This mouse doesn't have any cable as it needs physical batteries to work. However, there's a variant with a rechargeable battery, which comes with a micro-USB charging cable, but we haven't reviewed it.
The Anker vertical ergonomic optical mouse's click latency is rather disappointing. It's noticeably high for a mouse using a USB receiver, and this won't be suitable for gaming. However, since this mouse is designed for office use, we don't expect most people to be bothered by this on a daily basis.
The Anker Wireless Vertical Mouse's performance is decent. It isn't designed to be as performant as gaming mice and its sensor is noticeably inferior when compared to such mice. It only has 3 CPI settings of 800-1200-1600. Its sensor is quite inconsistent and sensitivity seems to change when using the mouse. The lift off distance is also very high and you can't adjust its polling rate.
Note: We usually do these tests at 1000CPI, but had to test this mouse at 1200CPI since it doesn't have software allowing for CPI customization.
The mouse features a total of six buttons, but since it doesn't have software, you can't program them to whatever you'd like. You have a typical two-side button layout and a big CPI switching button on the top of the mouse.
The Anker vertical ergonomic optical mouse's scroll wheel is okay. The increments are rather soft, but unfortunately, it doesn't unlock for infinite scrolling, which makes it take a while to scroll through large documents.
This mouse doesn't have dedicated software for customization options.
The only variant of this mouse is the one that comes with a rechargeable battery and a micro-USB charging cable. According to the manufacturer, the battery life is around a week; however, we haven't tested it and can't confirm. This seems to be the only difference between the mouse we reviewed and the rechargeable variant.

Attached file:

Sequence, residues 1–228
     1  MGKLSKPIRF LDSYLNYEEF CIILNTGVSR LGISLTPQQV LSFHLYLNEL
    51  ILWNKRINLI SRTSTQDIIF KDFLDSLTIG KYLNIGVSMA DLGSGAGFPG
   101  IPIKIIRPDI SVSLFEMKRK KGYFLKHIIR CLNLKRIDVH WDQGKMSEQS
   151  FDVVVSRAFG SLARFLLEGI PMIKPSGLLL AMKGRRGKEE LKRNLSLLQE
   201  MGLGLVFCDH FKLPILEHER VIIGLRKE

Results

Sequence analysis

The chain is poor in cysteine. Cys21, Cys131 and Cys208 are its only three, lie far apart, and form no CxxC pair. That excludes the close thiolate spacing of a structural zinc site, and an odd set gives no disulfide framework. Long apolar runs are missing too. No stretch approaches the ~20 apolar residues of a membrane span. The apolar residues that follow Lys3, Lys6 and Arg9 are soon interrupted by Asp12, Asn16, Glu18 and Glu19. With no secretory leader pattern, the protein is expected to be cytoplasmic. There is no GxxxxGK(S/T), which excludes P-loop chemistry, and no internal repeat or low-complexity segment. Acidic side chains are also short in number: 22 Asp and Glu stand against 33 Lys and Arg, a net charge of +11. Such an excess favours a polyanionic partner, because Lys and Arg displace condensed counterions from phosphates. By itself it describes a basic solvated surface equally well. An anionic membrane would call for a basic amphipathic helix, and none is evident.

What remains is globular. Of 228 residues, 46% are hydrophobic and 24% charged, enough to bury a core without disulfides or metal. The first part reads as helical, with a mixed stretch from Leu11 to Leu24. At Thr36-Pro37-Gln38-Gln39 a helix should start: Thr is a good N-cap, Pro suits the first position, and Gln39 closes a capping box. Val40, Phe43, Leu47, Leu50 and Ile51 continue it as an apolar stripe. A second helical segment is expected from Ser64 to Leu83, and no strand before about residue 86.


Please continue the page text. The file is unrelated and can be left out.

The Anker wireless ergonomic optical mouse is a decent option if you're looking for an ergonomic design, although if you're used to more traditional mice, it might take you a bit of time to get used to this type of design. Since it's mainly geared towards office workers, gamers should look elsewhere, as they're more than likely going to be disappointed by the sensor performance. See our buying recommendations for the best mice and the best wireless mice.
The Logitech MX Vertical is a better vertical mouse than the Anker Wireless Vertical Mouse. It can be used via Bluetooth, and its receiver and its buttons are fully programmable inside the software. On the other hand, while the Anker doesn't have software, its slimmer design is a bit more comfortable to grab than the Logitech. The overall performance of the MX Vertical is noticeably better than the Anker's.
The Logitech MX Master 3 is a more versatile mouse than the Anker Wireless Vertical Mouse. The MX Master 3 has neat features, but it's still a fairly standard mouse. While it has a slanted ergo-shape, the MX Master 3 isn't as ergonomic as a true ergonomic, vertical mouse. The MX Master will be better suited for multimedia, but if you're simply looking to reduce the strain on your wrist, then the Anker is a better option.
The Logitech MX Master 2S is a better overall mouse than the Anker Wireless Vertical Mouse, but it doesn't offer an as ergonomic design as the Anker. The overall performance of the MX Master 2S is better, but its design doesn't put your wrist in a neutral position like the Anker's vertical design.
The Anker Wireless Vertical Mouse is better than the J-Tech Digital V628X. The Anker feels much better built, is much lighter, is more comfortable, and has a much more accurate and consistent sensor. On the other hand, the V628X has companion software and a more adjustable CPI range. Neither mouse is recommended for small hands.